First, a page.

March 10

The Old Man

Posted by William Berry | Filed under Blog | 2 Comments

Artwork by Alexi Berry

Artwork by Alexi Berry

Story by Wm. Berry with Very Special Thanks to Belinda Paez for Editing

He stood and looked out over the ocean. He loved the water, the sand, and the memories it brought back; memories of fishing in the Delaware Bay with his grandfather and memories of his youth.   That was all so long ago.  His grandfather had died some thirty years before.  He himself was now a grandfather, but there had been no more fishing trips. He hadn’t done that since his grandfather died. It seemed it couldn’t be that long ago. Time had moved too quickly.  And now, time was running out.

Gazing upon the calm water, the man thought back to the day he realized that age had caught up to him.  The reflection in the mirror as he shaved and brushed his teeth every morning gave no hint to what was taking hold; it was too subtle and too gradual.   No, it wasn’t until he saw a family picture with him proudly in the middle of his children and grandchildren that he saw the gray in the hair, the wrinkled face and the eyes not as bright.  He was astounded. When did he get so old?

He looked down as the tide brought the ocean closer to his bare feet.  If he plunged into the water would it wash away the cancer that was now ravaging his body and draining the life force from him?  Would it change the fact that for years he’d refused to get checkups despite the behest of family and friends?  He’d not sought medical care in over 15 years, abhorring the arrogance of the medical field and its hit and miss record when playing with human lives.  His gaze lifts to the horizon again as he recalls the relentless pain that finally drove him to see a doctor.  The diagnosis was returned within days and the doctor delivered the news that it was “terminal”.  So now, there he was; in pain, weary, weak, old and his fate revealed.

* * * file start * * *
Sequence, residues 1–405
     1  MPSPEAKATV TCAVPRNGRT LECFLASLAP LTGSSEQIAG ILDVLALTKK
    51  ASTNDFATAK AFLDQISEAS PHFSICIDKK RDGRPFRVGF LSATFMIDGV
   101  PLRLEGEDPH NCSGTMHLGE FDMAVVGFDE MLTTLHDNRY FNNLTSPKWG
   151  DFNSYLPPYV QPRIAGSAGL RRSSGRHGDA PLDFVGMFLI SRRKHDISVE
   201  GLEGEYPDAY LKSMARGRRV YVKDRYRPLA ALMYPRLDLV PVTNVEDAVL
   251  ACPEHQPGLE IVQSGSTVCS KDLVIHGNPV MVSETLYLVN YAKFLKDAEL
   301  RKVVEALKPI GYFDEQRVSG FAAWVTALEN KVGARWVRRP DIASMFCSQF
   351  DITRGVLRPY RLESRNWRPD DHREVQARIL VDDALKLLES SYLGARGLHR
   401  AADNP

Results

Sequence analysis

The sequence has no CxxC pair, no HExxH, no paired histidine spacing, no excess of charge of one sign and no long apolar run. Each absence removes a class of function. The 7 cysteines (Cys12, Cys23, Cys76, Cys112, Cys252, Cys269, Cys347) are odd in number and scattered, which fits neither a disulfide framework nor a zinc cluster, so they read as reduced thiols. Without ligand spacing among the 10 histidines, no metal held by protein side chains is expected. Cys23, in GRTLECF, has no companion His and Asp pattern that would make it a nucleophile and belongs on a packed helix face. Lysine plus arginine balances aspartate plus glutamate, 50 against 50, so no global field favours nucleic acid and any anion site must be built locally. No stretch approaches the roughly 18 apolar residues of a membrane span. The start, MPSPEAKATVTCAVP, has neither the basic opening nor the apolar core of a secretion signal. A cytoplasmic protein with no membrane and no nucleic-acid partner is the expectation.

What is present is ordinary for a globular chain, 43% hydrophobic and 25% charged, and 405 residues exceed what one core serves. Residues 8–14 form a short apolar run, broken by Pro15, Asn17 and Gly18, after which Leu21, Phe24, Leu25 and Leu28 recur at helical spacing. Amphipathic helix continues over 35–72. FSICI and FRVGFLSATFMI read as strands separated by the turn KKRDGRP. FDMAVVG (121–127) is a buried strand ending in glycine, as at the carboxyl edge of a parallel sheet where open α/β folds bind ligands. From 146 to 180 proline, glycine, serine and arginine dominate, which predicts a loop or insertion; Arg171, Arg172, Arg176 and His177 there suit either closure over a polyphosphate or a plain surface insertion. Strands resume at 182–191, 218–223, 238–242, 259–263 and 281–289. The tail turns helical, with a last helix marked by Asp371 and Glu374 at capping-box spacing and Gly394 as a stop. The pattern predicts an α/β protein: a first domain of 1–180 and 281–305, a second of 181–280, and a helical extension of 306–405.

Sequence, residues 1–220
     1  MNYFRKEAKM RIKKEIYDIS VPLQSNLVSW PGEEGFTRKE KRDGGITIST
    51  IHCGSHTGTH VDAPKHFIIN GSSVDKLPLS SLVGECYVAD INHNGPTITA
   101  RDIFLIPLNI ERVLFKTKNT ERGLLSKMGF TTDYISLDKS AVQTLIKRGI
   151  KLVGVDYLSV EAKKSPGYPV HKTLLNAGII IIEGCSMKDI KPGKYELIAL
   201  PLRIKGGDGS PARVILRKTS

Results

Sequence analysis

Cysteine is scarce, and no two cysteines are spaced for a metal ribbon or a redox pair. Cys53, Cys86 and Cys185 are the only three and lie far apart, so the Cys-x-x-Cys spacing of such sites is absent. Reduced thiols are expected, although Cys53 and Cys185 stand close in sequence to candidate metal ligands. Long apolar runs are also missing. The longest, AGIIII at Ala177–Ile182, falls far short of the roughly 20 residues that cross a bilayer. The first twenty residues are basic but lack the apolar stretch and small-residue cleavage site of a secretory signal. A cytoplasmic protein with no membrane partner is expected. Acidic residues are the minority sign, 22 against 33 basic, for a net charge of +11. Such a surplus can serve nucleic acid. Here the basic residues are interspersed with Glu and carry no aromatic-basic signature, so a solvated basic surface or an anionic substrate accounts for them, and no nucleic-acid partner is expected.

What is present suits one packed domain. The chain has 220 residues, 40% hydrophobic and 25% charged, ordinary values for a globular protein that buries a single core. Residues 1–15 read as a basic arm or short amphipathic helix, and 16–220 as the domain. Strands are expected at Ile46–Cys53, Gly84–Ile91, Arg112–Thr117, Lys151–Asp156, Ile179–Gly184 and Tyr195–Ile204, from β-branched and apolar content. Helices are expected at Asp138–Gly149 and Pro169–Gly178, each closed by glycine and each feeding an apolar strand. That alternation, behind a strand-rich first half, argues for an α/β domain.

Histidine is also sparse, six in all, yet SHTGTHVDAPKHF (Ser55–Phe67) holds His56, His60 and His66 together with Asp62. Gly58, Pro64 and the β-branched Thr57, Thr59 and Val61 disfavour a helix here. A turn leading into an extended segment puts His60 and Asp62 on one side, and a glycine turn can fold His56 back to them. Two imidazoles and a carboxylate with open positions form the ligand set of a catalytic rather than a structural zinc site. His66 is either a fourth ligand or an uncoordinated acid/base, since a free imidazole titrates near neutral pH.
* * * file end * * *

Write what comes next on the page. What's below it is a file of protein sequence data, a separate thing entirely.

He’d refused drugs of any kind, out of a desire to meet his demise cognizant of everything.  He did not want to enter death bleary eyed or in a drugged haze.  But now he was beginning to wonder if he could get by without them.  The physical pain wasn’t the biggest problem.  That at least gave validation that he was still alive.  But the emotional pain of knowing he’d soon be leaving his loved ones was what he wasn’t sure he could endure.

Time was now precious so he utilized the little that was left to reach out to those he loved.  There was a lot of room to cover….five children conceived from three marriages.  While the ex wives had moved on and held little appreciation for him (to say the least), the children all loved him dearly.  He wistfully smiled remembering the birth of his first daughter. In his heart he had dreamed of having a son first.  Once she arrived into the world he was so consumed by her that he worried there would never be enough love in him for anyone else. But then his son came along, and his heart expanded.  And so it was with every one of his children after.

During the past year he had visited and spent time with his children and their families, absorbing their energy, while hiding the fact of his illness and the impending outcome.  He countered their concerned questions by saying age had drawn him closer to that which is most meaningful so he simply wanted to spend more time with them.  But his youngest daughter was intuitive and seemed to eye him closer.  Did she feel something similar to what he’d felt the last year of his grandfather’s life?  Without knowing with certainty, but having a sense that the hour glass was quickly draining, he spent more time with his Pops doing those things they both enjoyed doing together; going to baseball games, fishing in the Bay, playing poker.  He’d wanted to inhale those moments knowing they were running out.  Now, his youngest daughter was acting similarly.